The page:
Almost all forms of ethanol production use the sugar and starch found in sugarcane and corn grain. Producing biofuel from the biomass of the plant is still too expensive in comparison, and this is due to the lignin in the plant. Biofuels are produced from the cellulose in the plants, but in order to extract the cellulose from the lignin, the biomass must be soaked in hot acid, an expensive treatment.
A new study, recently published in the journal Science, explains that by genetically modifying the plants, much of the lignin can be removed, avoiding the need to soak the biomass in hot acid, and greatly reducing the overall cost of the biofuel production process.
By genetically modifying plants to remove a key gene needed for lignin production, the scientists discovered that the plants grew with far less lignin, and that 80% of the cellulose within the plant could then be extracted without the need for the acid treatment. Only 18% of the cellulose in a normal plant can usually be extracted without the acid treatment.
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One of the main problems with removing most of the lignin in the plant is that the lignin is what gives the plant structure and strength. Removing it results in far shorter plants, reducing the yield of biofuel from the crop.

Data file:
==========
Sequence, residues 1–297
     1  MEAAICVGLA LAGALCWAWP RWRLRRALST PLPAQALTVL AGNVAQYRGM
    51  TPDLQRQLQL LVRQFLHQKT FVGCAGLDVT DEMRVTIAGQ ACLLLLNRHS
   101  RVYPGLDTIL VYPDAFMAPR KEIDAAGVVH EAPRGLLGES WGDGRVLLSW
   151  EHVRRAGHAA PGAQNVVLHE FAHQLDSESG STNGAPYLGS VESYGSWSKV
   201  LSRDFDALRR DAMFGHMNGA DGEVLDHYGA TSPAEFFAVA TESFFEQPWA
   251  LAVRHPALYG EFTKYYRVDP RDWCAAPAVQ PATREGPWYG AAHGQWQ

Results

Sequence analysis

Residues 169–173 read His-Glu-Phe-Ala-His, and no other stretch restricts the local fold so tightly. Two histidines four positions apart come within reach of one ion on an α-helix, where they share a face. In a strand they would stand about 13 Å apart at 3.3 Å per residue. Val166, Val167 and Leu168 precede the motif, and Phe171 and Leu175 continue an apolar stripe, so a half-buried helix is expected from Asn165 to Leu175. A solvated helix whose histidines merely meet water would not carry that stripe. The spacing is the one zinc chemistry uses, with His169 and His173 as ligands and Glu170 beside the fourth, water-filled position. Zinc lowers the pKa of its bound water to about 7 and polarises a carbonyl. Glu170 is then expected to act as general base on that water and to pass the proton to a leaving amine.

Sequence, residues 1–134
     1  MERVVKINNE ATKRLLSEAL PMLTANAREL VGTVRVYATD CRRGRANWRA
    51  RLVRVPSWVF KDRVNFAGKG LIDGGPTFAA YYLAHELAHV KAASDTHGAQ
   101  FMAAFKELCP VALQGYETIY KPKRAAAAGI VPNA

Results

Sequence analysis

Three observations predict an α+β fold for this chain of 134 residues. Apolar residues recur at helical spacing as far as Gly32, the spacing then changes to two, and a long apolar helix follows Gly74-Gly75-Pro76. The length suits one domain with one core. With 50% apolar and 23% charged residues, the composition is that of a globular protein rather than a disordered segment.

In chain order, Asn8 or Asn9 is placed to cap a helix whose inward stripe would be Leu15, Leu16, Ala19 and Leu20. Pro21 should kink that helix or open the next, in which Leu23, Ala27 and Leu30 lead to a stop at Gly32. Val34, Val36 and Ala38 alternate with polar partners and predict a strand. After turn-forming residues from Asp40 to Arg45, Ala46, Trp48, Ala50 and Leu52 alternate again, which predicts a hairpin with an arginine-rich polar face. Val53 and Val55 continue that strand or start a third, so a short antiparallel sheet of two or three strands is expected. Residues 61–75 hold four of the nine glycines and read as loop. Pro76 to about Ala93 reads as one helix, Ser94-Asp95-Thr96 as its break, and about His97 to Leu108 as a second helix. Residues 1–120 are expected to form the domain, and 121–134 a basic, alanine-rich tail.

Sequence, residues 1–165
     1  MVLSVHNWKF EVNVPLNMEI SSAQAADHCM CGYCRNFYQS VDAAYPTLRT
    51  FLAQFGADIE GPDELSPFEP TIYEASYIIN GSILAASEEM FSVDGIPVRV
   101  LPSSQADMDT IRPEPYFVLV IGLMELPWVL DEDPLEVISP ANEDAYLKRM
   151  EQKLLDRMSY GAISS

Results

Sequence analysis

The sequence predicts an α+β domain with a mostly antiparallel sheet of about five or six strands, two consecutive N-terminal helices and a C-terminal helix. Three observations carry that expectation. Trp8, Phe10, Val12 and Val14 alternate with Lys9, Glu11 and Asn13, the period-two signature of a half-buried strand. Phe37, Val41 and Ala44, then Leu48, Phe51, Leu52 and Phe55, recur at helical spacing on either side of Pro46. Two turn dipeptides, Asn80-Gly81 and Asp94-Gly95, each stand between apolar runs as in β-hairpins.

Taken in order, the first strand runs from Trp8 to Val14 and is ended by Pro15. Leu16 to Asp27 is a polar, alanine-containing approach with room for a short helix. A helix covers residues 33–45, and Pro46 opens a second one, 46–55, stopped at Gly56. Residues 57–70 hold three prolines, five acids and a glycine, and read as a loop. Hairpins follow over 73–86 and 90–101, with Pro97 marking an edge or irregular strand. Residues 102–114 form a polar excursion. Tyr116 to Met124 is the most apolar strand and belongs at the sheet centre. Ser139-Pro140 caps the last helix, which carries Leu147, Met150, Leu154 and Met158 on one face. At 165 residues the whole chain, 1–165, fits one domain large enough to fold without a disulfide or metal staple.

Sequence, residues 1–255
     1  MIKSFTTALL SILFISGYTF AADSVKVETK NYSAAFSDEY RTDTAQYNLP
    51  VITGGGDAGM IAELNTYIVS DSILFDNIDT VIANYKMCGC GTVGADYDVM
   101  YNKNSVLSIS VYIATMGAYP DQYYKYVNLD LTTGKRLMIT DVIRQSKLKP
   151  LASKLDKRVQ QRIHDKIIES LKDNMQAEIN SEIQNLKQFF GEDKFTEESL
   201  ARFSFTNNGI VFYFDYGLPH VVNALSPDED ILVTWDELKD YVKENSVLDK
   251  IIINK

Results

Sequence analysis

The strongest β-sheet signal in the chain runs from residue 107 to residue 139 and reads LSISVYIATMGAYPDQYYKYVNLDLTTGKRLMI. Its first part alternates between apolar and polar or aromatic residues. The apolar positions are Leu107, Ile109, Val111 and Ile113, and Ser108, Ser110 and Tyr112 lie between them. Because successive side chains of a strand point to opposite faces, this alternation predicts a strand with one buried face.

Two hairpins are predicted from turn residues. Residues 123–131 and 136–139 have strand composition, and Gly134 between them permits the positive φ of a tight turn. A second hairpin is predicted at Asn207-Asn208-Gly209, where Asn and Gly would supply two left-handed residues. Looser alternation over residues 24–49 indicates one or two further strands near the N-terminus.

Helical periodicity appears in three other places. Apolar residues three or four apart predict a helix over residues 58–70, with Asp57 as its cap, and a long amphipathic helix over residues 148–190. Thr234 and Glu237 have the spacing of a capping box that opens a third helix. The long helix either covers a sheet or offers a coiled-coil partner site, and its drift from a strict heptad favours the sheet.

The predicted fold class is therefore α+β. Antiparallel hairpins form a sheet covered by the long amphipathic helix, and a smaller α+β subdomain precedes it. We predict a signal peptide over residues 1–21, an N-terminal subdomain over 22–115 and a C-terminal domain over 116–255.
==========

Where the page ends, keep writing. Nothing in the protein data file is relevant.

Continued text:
Working on this problem, researchers at Lawrence Berkley National Laboratory have managed to create a way to only remove the lignin from parts of the plant, but not all; allowing most of the cellulose to be easily removed, but without compromising the structural integrity of the plant.
The next stage of the study will be to transfer this genetic modification to biofuel producing plants such as switchgrass or poplar.
Richard Hilton, the CEO of Ceres, who have also been researching methods to remove the expensive acid treatment phase of biofuel production, commented that by eliminating the acid phase, the cost of converting the cellulose into usable sugars could fall by as much as $1 a gallon.